Andrew Lothian: Landmark legal change for Scotland’s insurers

Andrew Lothian: Landmark legal change for Scotland's insurers

Andrew Lothian

Andrew Lothian, insurance partner at global provider of integrated legal and business services, DWF, discusses Qualified One-Way Costs Shifting and their impact on injury claims in Scotland.

Wednesday 30 June 2021 was a landmark day for anyone dealing with injury claims in Scotland. That was the date on which QOCS (Qualified One-way Costs Shifting) went live.

From 30 June onwards any person raising a court action for personal injury compensation in Scotland will no longer be liable to pay the other side’s legal costs, even if they lose the case, unless they fall into an exception to the rule. This change in the law has been a long time coming, dating back to the late Sheriff Principal Taylor’s review and subsequent report on costs in Scottish litigation. The review begin in 2011 which gives you some idea of the pace of change. The legislative purpose of this reform is to increase access to justice and ensure meritorious claimants are not dissuaded from litigating by the risk of an adverse costs award. However, the big question is: will it work?

Business models for claimant firms in Scotland take a number of different forms. Some are very litigation-focused and will raise proceedings as soon as possible to take advantage of higher costs recovery, which increases revenues and margins as a result. Other models depend on a quicker cash recovery with volume claims being settled prior to litigation. Both types of firm are fairly sophisticated service providers, harnessing technology and scale to drive efficiencies. None of the claimant firms I deal with are shy of litigating good claims and most of them do their job very well.

While there is no doubt that removing the risk of an adverse costs award will take away one of the disincentives to litigate, the bigger Scottish claimant firms already pick their cases well and this reform on its own will cause little change. It may be that claimants feel emboldened to run weaker liability arguments, or hold out for higher damages awards, but good claims will still be good claims and they will be pursued in broadly the same manner.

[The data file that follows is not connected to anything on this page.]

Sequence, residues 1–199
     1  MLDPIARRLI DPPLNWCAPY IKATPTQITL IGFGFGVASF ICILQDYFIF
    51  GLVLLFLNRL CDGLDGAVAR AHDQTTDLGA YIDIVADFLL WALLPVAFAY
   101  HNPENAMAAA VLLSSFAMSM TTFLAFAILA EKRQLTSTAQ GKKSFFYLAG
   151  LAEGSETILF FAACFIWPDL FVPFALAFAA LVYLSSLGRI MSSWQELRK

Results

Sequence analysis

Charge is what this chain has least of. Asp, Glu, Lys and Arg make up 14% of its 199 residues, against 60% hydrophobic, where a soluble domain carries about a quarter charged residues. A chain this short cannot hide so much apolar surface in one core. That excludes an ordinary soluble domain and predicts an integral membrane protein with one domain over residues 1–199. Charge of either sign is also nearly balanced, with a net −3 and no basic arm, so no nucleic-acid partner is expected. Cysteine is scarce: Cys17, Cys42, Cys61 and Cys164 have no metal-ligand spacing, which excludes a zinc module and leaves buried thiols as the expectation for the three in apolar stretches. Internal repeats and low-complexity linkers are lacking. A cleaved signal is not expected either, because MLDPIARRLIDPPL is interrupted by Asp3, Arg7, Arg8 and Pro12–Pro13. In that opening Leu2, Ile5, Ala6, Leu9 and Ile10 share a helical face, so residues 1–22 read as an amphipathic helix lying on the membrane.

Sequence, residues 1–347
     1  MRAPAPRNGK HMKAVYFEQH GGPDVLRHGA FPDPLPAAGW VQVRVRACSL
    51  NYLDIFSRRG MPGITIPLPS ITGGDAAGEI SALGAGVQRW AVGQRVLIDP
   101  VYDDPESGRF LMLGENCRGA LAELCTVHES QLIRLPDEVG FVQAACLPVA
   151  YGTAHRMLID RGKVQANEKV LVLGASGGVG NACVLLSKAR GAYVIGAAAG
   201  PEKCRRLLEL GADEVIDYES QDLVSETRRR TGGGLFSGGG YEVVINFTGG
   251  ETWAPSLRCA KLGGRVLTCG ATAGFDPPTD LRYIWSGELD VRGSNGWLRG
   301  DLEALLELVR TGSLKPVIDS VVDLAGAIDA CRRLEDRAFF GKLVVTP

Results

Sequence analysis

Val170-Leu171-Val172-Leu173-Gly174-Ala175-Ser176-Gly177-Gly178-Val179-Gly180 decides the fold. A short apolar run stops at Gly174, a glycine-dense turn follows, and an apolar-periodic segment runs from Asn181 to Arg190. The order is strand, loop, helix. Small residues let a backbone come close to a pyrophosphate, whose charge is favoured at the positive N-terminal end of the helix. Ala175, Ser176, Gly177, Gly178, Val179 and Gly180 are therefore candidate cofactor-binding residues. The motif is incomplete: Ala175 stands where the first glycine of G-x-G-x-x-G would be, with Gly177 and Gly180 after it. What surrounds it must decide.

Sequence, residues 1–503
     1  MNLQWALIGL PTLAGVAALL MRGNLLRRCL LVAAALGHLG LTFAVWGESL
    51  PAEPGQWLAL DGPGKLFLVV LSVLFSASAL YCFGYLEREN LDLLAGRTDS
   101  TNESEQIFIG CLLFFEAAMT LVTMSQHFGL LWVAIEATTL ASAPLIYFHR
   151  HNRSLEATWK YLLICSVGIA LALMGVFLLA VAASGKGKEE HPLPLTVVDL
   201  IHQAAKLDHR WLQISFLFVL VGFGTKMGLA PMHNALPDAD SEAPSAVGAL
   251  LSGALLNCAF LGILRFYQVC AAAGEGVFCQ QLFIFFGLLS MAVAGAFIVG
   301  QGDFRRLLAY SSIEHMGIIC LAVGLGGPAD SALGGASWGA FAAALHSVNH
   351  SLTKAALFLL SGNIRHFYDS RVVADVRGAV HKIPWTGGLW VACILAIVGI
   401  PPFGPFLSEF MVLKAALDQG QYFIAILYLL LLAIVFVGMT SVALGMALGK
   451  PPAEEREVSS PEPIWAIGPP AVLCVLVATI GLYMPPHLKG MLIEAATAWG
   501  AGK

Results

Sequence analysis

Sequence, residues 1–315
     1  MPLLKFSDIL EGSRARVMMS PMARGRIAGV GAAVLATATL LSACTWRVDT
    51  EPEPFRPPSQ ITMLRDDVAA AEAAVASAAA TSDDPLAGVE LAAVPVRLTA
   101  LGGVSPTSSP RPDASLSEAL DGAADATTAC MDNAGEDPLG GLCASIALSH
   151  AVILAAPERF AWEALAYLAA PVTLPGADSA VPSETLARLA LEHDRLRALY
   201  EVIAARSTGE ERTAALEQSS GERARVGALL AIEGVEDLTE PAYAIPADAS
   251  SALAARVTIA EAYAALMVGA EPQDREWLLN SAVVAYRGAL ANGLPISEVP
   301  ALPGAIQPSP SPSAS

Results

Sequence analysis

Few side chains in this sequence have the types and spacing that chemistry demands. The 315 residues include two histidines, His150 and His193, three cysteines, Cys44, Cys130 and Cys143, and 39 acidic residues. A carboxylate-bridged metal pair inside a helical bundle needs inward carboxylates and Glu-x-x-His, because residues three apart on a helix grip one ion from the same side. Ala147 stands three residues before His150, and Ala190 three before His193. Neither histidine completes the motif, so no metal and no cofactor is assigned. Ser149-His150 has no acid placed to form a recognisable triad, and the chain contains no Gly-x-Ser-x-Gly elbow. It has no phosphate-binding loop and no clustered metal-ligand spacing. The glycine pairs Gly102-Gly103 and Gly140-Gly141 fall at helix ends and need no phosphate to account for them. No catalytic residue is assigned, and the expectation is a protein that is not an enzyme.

The major area of concern is that spurious claims will now be easier to pursue.

Scotland has traditionally had a lower rate of claim than many areas of England, and thus is seen as fertile territory for cold callers and claims farmers. These reforms in Scotland reduce the risk factors for spurious claimants while at the same time the whiplash reforms in England make that country a low-margin environment for the same type of work. The combined pull/push of those factors will undoubtedly attract claims business to Scotland. Some on the claimant side will point out that insurers can in their defence argue for exceptions to QOCS, with the most obvious being “fraudulent misrepresentation”. The difficulty of course is that, while that phrase has not yet been interpreted by the courts in the context of QOCS, fraud is a high bar and positively proving fraud is notoriously difficult.

Insurers who are aware of these issues need to have genuine integration between pre-lit and litigated strategies and at the same time must be alive to picking the right cases to fight to trial. Early case law on QOCS in Scotland will be critical in helping shape the wider claims environment. It is therefore vital that insurers choose good cases to run and are not shy of taking these points and taking on the difficult cases.

From a practical point of view we can expect more claims in Scotland, and we can expect more of those claims to litigate. All of this comes at a time when legal costs often exceed damages especially in lower value claims. How is that to be paid for, you might ask? Well, if you are a taxpayer or you pay insurance premiums you might soon find out. The legislation on QOCS is subject to a five year review therefore we strongly recommend data on Scottish claims are identified and captured rigorously in the post-QOCS environment so that arguments can be presented to legislators on the cost and effect of disproportionate costs.

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